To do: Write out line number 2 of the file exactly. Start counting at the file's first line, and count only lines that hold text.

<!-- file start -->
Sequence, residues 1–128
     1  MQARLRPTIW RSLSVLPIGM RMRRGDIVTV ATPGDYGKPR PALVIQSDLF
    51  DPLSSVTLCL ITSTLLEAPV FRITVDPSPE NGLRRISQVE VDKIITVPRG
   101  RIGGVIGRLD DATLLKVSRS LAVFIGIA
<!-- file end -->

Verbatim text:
     1  MQARLRPTIW RSLSVLPIGM RMRRGDIVTV ATPGDYGKPR PALVIQSDLF